If the essence of your art is to poke fun at pomposity then there could scarcely be a more inviting target.
"A teacup waiting for a storm to happen," is how one observer once described the sport. And there is something wonderfully recondite about those periodic squalls that blow through golf. In a more sensibly constructed universe, it would be a matter of no consequence whatsoever that a grown man should pluck a dead leaf out of a scraping of sand before hitting a little white ball with a stick but, in golf, that simple action provokes much furrowing of brows, much stroking of chins and much high-camp hysteria all round.
Which is all very funny when you watch from the sidelines, but take to the fairways and you quickly discover what all this pedantry is for. In golf, rules is rules for the very good reason that life is actually simpler that way, and pity help a player who should try to bend them.
A player like Simon Dyson, for instance. A few days ago, playing in the BMW Shanghai Masters at Lake Malaren, Dyson blew his chances of victory - and, potentially, his good name - when he appeared to tap his ball down on a spot between his marker and the cup. Whether he was flattening a spike mark or a passing aphid is not exactly clear, but it was a matter beyond all doubt whatsoever that he had contravened rule 16-1a, which forbids a player from touching the line of a putt.
The incident was spotted by one of those eagle-eyed armchair umpires who appear to revel in such infractions. The call went in to the European Tour headquarters at Wentworth, the message was relayed to the on-course referee John Paramor, the footage was reviewed and Dyson was disqualified (on the even more arcane basis that he had signed for a wrong score because he had failed to penalise himself).
Now, being a bit of an eagle-eyed armchair umpire myself, I've watched the video a number of times since. Dyson's offence is obvious, but what is not so clear is his intent. The Englishman is known as a fidgety player, and his action is more easily interpreted as a nervous twitch than a genuinely sinister attempt to gain unfair advantage. But, as I say, rules is rules, and, in this case, a rule was broken. Expensively, too, as a good result in China would have got Dyson into the Tour's lucrative season-ending finale in Dubai next month.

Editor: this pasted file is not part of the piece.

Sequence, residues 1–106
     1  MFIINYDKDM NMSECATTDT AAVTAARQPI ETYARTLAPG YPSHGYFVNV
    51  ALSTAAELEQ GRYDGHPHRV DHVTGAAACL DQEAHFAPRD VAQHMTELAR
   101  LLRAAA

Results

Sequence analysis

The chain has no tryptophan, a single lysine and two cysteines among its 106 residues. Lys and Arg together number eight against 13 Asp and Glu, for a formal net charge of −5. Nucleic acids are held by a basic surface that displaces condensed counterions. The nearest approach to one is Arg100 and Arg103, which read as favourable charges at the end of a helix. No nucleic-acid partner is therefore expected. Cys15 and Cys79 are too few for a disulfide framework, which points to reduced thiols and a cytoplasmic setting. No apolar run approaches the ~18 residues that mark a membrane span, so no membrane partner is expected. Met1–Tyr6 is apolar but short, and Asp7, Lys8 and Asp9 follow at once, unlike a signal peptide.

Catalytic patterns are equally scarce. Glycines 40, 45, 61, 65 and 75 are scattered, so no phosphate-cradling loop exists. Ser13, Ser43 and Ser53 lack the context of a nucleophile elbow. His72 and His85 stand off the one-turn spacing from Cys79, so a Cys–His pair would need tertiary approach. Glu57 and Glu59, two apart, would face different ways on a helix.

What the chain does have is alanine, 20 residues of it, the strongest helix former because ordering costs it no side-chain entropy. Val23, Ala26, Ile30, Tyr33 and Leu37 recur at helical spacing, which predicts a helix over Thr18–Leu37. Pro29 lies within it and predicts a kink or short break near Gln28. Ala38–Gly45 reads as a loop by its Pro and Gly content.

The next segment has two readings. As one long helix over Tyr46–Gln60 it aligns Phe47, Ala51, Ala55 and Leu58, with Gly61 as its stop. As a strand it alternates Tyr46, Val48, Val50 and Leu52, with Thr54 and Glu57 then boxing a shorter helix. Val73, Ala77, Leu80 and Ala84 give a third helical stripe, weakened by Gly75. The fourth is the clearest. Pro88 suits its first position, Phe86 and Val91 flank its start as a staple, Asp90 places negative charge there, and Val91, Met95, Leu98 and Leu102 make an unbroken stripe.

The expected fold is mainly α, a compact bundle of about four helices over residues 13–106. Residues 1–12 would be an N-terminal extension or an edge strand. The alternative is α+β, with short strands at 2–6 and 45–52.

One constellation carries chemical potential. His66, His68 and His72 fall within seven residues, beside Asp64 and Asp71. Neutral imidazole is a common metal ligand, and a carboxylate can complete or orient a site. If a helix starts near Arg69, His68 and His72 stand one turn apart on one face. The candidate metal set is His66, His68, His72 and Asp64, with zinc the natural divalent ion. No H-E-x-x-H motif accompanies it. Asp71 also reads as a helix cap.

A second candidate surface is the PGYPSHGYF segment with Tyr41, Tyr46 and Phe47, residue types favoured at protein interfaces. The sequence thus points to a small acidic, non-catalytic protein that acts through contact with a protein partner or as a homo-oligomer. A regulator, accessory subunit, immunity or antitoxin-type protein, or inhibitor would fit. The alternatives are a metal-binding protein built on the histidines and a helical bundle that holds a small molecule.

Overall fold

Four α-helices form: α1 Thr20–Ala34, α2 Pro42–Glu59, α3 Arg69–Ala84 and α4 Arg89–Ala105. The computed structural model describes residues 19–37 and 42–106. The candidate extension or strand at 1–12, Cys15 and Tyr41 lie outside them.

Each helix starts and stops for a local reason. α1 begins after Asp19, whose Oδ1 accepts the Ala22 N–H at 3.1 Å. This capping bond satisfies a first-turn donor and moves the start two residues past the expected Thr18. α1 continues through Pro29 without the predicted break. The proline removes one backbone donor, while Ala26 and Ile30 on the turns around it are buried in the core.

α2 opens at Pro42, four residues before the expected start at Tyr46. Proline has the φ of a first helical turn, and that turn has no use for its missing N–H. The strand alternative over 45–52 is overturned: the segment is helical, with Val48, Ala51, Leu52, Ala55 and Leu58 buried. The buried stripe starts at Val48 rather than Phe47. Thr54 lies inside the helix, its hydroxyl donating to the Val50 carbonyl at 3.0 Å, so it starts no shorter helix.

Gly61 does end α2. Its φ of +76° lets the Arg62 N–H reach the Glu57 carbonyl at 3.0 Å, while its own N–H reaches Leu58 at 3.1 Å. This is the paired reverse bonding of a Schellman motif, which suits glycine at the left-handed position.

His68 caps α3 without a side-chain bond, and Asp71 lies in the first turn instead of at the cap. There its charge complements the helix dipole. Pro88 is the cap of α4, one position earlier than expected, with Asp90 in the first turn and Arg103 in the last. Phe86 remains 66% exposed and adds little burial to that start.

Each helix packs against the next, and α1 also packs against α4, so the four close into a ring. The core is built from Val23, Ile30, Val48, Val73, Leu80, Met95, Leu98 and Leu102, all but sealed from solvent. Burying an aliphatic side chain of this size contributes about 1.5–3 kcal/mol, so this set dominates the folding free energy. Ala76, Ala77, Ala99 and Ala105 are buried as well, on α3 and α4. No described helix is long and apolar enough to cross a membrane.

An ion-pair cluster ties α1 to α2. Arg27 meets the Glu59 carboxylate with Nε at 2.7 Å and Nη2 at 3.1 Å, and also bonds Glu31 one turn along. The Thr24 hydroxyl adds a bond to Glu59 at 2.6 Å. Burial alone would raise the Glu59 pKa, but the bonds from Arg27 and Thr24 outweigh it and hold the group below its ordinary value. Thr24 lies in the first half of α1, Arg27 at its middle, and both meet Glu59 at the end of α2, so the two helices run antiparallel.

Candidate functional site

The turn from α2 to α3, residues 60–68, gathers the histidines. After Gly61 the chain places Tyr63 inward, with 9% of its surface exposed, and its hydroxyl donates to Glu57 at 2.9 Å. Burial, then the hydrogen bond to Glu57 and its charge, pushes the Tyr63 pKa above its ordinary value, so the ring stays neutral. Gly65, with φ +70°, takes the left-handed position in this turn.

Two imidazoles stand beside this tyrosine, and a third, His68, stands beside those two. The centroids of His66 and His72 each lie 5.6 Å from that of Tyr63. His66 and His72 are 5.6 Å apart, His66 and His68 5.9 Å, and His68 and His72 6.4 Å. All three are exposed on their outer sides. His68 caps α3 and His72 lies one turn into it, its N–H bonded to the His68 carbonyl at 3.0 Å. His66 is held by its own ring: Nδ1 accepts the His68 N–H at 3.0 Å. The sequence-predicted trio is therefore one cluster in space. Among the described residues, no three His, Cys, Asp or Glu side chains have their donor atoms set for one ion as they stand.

Punishment enough? You'd think so. But no sooner had the distraught Dyson boarded his flight back home than a whispering campaign began in his wake. According to reports, "four members" of the Tour's players' committee were "outraged" by the incident. There is talk now of a misconduct charge, a hefty fine and even a suspension. Apparently, he is in "for a shower of locker-room abuse" at his next tournament.
Well how about a shower of contempt for those players who are the anonymous sources of this story as well? Their outrage would be easier to swallow if even one of them had had the guts to remove the cloak of anonymity and put his name to their criticisms of Dyson. If you're going to call a man a cheat then you should have the courage to do so to his face, not by way of a whispering campaign and unattributable briefings.
For the life of me, I can't see that Dyson's action could be proved beyond reasonable doubt to be intentional cheating, which is surely the test that has to be satisfied. Whatever the findings of the internal review the European Tour has now established, though, the whiff of suspicion will linger long and damagingly around his name. Maybe his accusers would prefer him to own up to his guilt. But then maybe they should set an example by owning up to their own identities first.
AND ANOTHER THING
There are times when the R&A would struggle to see sense if the word was written in 20ft high letters on a billboard halfway down the first fairway at St Andrews. But credit to them this time, for drawing a line under the farce that has been International Final Qualifying for the Open Championship.
The IFQ route, introduced in 2004, involved 36-hole qualifying events in Australasia, Asia, Africa, the United States and Europe. Inevitably, players who felt they were out of the running after 18 holes withdrew in huge numbers; 29 pulled out of the event at Sunningdale this year. The new system will use 14 existing professional tournaments, adding prestige and excitement in the process.
The even better news is that the Aberdeen Asset Management Scottish Open, the final event before next year's Open at Hoylake, will be one of them.